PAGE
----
- happening, coming, made, or done quickly, without warning, or unexpectedly: a sudden attack.
- occurring without transition from the previous form, state, etc.; abrupt: a sudden turn.
- impetuous; rash.
- Archaic. quickly made or provided.
- Obsolete. unpremeditated.
- Literary. suddenly.
- Obsolete. an unexpected occasion or occurrence.
- all of a sudden, without warning; unexpectedly; suddenly.Also on a sudden.
Origin of sudden
SynonymsSee more synonyms for sudden on Thesaurus.com
Examples from the Web for suddenness
But it was the suddenness of his proposal to Megan upon arriving back in New York that had even her gasping with surprise.Mad Men's 12 Most Memorable Moments
October 18, 2010
The suddenness of Sarah Palin's resignation Friday raises the question about whether Palin is leaving to avert a major scandal.Did a Scandal Sink the U.S.S. Palin?
July 3, 2009
The suddenness of it all held Mary voiceless for long seconds.Within the Law
Then he disappeared with a suddenness that made the colonel and Dick gasp.The Rock of Chickamauga
Joseph A. Altsheler
He was stunned by the suddenness of the catastrophe that had overtaken them.Two Thousand Miles Below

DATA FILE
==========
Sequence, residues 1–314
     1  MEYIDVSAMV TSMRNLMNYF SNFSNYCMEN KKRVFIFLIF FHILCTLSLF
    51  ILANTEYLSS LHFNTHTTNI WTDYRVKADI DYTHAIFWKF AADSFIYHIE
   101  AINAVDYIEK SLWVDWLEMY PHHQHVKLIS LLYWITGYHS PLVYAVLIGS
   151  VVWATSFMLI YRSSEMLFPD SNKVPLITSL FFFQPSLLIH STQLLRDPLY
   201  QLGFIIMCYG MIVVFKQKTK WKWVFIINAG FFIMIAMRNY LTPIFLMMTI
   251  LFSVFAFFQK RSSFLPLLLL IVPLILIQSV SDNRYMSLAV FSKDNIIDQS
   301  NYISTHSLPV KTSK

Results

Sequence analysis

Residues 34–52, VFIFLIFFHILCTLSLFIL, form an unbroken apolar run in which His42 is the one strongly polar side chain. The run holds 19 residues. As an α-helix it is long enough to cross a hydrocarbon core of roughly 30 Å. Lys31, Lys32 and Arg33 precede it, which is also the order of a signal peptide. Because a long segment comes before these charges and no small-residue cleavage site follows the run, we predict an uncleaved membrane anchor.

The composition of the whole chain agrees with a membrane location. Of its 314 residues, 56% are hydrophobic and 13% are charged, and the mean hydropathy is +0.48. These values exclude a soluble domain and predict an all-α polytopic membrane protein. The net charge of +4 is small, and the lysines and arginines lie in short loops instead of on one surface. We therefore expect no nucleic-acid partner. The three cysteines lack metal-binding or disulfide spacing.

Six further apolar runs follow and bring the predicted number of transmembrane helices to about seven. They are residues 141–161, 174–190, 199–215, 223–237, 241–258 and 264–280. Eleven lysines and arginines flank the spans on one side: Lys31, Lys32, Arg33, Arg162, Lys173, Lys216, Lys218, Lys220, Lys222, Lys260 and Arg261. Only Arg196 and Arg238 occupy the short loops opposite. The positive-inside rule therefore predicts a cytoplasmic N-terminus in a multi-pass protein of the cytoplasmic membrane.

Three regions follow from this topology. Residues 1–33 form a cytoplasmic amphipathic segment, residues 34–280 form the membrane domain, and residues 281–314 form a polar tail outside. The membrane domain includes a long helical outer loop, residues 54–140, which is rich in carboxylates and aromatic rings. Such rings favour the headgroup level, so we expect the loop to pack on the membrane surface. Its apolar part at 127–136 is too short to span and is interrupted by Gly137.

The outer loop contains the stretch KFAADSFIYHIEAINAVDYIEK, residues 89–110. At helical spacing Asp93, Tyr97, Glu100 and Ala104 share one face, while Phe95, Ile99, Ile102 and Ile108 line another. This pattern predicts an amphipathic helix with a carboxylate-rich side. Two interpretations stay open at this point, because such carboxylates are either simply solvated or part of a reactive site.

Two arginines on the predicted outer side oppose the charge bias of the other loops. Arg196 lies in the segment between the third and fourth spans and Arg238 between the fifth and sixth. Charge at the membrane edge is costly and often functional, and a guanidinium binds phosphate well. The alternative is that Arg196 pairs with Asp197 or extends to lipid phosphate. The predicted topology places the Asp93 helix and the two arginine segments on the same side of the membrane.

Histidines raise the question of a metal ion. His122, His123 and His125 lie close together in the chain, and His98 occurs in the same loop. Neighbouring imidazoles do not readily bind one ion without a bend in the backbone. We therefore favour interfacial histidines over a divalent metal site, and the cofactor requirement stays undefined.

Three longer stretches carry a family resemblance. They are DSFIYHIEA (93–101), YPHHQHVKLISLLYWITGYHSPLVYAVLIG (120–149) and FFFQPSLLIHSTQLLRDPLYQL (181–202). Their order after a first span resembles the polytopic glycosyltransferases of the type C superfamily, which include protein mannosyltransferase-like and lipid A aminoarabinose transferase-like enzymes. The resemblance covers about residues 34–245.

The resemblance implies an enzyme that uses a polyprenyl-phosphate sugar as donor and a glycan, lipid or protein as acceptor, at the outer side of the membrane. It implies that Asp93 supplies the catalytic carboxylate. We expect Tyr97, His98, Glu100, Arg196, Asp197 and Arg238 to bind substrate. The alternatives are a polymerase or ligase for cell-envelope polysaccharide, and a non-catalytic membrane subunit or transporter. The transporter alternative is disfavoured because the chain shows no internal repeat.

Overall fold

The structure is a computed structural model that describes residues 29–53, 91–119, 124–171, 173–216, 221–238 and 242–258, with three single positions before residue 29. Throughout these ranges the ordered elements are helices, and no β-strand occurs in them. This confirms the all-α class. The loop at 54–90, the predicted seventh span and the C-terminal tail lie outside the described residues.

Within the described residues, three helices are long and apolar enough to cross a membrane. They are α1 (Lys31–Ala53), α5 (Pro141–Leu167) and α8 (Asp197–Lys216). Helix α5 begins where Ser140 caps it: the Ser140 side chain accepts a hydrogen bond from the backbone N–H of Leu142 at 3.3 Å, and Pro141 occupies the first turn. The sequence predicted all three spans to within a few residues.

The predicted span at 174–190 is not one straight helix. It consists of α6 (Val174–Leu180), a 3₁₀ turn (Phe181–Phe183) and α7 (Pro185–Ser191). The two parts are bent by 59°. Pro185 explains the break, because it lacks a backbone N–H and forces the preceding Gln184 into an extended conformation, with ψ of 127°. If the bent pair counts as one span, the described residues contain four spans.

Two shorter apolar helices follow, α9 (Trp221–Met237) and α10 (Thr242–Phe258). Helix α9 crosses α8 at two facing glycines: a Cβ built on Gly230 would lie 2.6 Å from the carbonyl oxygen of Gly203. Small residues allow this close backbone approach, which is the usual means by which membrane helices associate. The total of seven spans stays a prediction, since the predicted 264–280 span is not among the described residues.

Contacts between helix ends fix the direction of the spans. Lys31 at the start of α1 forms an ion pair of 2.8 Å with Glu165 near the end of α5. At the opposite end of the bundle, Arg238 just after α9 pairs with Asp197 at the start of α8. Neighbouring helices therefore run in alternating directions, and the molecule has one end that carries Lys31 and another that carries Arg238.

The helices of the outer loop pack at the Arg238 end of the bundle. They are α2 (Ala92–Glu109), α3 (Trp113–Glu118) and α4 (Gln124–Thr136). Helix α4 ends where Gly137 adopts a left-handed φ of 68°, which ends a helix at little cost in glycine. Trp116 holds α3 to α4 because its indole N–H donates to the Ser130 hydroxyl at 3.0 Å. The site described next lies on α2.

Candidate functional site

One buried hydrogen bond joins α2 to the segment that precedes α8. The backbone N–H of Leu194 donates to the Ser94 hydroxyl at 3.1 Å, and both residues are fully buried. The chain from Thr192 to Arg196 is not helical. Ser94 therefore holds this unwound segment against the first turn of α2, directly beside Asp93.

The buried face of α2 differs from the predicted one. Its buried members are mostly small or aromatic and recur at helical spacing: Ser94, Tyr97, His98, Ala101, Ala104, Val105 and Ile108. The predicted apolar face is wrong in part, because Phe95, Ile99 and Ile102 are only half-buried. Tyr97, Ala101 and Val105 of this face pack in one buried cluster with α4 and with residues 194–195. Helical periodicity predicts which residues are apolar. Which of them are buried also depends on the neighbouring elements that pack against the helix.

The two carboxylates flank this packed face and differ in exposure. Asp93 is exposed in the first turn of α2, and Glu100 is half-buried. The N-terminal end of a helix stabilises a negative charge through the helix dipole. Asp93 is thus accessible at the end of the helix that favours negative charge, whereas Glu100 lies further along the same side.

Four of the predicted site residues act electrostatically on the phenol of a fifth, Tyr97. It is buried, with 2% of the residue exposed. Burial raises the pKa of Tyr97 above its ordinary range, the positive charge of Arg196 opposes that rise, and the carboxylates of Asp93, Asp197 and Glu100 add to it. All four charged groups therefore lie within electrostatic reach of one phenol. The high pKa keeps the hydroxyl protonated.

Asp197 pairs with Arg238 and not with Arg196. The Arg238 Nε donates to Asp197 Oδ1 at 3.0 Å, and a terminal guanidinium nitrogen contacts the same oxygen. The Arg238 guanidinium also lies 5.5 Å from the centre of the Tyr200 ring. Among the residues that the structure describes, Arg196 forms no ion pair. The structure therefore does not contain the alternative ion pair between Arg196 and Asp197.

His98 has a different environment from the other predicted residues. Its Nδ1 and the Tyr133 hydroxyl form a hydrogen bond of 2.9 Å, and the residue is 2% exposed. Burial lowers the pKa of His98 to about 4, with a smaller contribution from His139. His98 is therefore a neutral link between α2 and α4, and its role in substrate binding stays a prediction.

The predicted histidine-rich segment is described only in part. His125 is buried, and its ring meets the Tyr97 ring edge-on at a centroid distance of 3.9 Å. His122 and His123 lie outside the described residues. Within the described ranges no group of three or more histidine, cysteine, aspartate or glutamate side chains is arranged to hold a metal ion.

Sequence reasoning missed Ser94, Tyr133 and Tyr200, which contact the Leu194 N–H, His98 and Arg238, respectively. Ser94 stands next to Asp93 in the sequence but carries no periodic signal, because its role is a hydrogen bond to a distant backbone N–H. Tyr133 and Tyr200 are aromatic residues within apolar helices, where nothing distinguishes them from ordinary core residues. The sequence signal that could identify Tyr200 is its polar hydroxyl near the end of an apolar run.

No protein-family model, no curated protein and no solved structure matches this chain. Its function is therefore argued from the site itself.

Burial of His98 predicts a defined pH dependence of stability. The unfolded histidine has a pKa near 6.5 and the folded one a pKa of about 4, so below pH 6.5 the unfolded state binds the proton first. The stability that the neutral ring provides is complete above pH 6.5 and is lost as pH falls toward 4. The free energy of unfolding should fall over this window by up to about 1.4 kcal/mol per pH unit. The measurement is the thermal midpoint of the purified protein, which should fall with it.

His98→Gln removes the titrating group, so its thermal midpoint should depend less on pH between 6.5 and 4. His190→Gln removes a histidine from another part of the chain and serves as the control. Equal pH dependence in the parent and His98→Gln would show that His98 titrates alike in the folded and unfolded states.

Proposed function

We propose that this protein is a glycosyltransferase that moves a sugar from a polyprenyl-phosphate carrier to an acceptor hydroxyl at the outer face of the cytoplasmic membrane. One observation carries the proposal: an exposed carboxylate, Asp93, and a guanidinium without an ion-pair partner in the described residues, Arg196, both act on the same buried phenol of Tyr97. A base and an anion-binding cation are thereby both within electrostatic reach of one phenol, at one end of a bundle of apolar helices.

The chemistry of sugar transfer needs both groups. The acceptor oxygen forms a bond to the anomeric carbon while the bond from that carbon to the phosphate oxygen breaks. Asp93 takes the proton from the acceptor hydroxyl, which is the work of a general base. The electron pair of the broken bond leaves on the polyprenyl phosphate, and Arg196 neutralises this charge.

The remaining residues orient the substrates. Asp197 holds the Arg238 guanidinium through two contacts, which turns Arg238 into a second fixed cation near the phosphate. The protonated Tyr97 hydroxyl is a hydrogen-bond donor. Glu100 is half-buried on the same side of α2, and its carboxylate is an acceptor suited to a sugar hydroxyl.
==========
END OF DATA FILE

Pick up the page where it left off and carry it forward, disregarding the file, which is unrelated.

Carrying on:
Charles Willard Diffin
Moreover, the suddenness of the call alarmed her and raised doubts.
Polly sat still in her chair, dazed by the suddenness and injustice of it.Polly of Lady Gay Cottage
Emma C. Dowd
- occurring or performed quickly and without warning
- marked by haste; abrupt
- rare rash; precipitate
- archaic an abrupt occurrence or the occasion of such an occurrence (in the phrase on a sudden)
- all of a sudden without warning; unexpectedly
- mainly poetic without warning; suddenly
Word Origin and History for suddenness
late 13c., perhaps via Anglo-French sodein, from Old French subdain "immediate, sudden," from Vulgar Latin *subitanus, variant of Latin subitaneus "sudden," from subitus "come or go up stealthily," from sub "up to" + ire "come, go." Phrase all of a sudden first attested 1680s, earlier of a sudayn (1590s), upon the soden (1550s). Sudden death, tie-breakers in sports, first recorded 1927; earlier in reference to coin tosses (1834).
Idioms and Phrases with suddenness
see all of a sudden.